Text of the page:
|An artist’s rendering of KELT-11b, a “Styrofoam-density” planet recently discovered by Lehigh astronomers that orbits a bright star in the Southern Hemisphere. (Image by Walter Robinson/Lehigh University)|
Fifth-graders making Styrofoam models of the solar system may have the right idea. Lehigh researchers have discovered a new planet orbiting a star 320 light years from Earth that has the density of Styrofoam. This “puffy planet” outside our solar system may help solve the long-standing mystery of the existence of a population of highly inflated giant planets.
“It is highly inflated, so that while it’s only a fifth as massive as Jupiter, it is nearly 40 percent larger, making it about as dense as Styrofoam, with an extraordinarily thick atmosphere,” said Joshua Pepper, astronomer and assistant professor of physics at Lehigh, who led the study with researchers from Vanderbilt University and Ohio State University, along with researchers at universities and observatories and amateur astronomers around the world.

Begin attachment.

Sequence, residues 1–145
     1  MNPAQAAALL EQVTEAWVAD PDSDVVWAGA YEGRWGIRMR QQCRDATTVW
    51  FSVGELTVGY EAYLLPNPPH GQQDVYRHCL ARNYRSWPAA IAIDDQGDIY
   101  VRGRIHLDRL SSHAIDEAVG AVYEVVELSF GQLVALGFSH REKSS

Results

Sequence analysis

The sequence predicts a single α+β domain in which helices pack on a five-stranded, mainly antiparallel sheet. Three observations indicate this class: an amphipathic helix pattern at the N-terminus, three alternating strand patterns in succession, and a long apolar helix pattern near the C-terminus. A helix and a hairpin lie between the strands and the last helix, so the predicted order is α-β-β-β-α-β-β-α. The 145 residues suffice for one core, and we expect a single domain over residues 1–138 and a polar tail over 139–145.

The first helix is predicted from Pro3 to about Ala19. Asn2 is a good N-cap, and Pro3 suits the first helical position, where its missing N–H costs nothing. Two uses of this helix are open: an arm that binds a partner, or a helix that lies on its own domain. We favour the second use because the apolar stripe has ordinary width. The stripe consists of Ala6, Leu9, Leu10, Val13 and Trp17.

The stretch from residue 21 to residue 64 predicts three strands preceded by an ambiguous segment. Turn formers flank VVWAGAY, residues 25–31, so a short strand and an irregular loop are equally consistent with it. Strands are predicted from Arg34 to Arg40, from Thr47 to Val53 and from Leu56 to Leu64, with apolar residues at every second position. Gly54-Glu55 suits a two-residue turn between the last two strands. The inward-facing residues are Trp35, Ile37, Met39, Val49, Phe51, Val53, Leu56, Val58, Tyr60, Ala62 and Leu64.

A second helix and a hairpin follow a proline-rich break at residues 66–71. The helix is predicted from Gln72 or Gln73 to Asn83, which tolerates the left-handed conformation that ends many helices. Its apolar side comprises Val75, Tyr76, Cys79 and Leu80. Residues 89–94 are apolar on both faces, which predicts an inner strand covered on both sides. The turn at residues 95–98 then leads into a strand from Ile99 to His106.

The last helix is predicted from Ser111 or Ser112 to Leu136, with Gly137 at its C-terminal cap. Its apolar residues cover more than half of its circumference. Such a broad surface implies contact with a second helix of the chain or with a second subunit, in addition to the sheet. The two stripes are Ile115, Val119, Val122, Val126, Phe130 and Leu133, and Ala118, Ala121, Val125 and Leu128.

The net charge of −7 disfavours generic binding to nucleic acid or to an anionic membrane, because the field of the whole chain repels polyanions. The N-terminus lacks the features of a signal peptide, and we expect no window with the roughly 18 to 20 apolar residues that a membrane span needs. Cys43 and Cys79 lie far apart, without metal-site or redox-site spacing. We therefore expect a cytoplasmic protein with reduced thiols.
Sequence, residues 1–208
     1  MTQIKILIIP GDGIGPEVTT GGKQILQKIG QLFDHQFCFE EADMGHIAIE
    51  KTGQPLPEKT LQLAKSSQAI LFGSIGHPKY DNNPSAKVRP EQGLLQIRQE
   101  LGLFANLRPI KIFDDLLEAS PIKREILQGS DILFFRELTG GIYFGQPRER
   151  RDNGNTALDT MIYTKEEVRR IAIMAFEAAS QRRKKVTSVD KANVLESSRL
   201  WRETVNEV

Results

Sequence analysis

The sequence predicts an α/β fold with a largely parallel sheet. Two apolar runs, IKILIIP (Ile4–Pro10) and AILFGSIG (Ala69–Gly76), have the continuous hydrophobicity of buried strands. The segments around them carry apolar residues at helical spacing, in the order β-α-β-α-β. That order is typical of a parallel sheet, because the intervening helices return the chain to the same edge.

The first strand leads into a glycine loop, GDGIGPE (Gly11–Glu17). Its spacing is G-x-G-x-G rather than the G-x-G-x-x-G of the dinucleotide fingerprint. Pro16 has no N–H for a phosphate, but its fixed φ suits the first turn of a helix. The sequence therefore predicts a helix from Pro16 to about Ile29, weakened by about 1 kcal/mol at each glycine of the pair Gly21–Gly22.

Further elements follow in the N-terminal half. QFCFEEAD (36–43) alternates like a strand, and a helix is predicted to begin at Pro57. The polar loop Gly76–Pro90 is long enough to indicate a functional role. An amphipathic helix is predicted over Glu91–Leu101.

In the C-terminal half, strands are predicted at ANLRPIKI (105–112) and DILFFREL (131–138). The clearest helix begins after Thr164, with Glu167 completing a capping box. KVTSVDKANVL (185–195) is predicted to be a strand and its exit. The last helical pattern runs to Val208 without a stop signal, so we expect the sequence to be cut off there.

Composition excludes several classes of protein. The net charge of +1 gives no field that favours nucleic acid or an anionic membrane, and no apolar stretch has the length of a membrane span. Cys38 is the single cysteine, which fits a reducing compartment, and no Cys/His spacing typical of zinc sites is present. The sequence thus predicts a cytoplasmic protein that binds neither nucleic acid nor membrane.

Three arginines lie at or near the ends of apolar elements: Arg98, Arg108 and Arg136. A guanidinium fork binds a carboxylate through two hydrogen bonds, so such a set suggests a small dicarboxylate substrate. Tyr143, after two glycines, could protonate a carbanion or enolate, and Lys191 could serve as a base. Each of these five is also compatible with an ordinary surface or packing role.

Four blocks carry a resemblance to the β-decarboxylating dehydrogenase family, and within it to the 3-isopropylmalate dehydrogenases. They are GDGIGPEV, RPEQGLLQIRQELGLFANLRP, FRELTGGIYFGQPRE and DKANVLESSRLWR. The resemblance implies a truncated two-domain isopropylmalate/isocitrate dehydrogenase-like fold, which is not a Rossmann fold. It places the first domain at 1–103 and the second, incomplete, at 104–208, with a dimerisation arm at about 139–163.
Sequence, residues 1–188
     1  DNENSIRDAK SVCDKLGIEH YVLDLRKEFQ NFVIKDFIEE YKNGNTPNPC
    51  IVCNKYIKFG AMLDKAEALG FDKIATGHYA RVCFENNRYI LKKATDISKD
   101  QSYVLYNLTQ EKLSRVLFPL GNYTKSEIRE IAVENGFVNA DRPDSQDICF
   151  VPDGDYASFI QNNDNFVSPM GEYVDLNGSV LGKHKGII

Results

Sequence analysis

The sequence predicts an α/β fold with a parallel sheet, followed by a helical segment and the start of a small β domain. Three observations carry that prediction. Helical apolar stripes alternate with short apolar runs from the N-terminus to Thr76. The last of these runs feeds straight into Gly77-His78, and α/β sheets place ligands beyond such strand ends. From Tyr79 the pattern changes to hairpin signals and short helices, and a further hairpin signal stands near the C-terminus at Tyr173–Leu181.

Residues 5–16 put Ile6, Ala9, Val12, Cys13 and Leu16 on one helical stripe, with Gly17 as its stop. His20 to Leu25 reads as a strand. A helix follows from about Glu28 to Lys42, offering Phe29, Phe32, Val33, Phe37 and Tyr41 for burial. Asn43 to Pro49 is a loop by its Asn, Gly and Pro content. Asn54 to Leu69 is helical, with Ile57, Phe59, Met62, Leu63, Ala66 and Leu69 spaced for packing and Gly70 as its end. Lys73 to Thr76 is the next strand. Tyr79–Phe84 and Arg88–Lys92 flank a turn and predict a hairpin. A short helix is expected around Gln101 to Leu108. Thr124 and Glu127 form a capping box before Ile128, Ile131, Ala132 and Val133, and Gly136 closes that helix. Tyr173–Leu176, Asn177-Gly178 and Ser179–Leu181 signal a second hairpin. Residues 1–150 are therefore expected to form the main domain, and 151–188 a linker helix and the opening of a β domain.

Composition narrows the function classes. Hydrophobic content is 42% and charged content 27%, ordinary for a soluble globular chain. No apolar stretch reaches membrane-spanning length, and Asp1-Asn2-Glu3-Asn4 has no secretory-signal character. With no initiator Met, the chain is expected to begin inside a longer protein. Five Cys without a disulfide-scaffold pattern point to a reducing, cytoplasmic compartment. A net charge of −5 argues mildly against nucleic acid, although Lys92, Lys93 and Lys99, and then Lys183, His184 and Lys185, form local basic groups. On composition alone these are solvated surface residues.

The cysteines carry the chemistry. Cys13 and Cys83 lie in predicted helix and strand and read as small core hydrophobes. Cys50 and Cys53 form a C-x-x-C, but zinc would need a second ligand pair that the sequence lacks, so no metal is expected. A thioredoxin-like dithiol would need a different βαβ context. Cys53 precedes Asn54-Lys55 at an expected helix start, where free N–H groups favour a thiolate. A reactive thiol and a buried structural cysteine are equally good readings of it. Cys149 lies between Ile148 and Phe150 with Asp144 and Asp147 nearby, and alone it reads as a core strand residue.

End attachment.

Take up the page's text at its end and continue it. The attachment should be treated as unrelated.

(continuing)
The research, “KELT-11b: A Highly Inflated Sub-Saturn Exoplanet Transiting the V+8 Subgiant HD 93396,” is published in The Astronomical Journal.
The planet, called KELT-11b, is an extreme version of a gas planet, like Jupiter or Saturn, but is orbiting very close to its host star in an orbit that lasts less than five days. The star, KELT-11, has started using up its nuclear fuel and is evolving into a red giant, so the planet will be engulfed by its star and will not survive the next hundred million years.
Lehigh University: ‘Styrofoam’ Planet May Help Solve Mystery of Giant Planets
Amy White, Kurt Pfitzer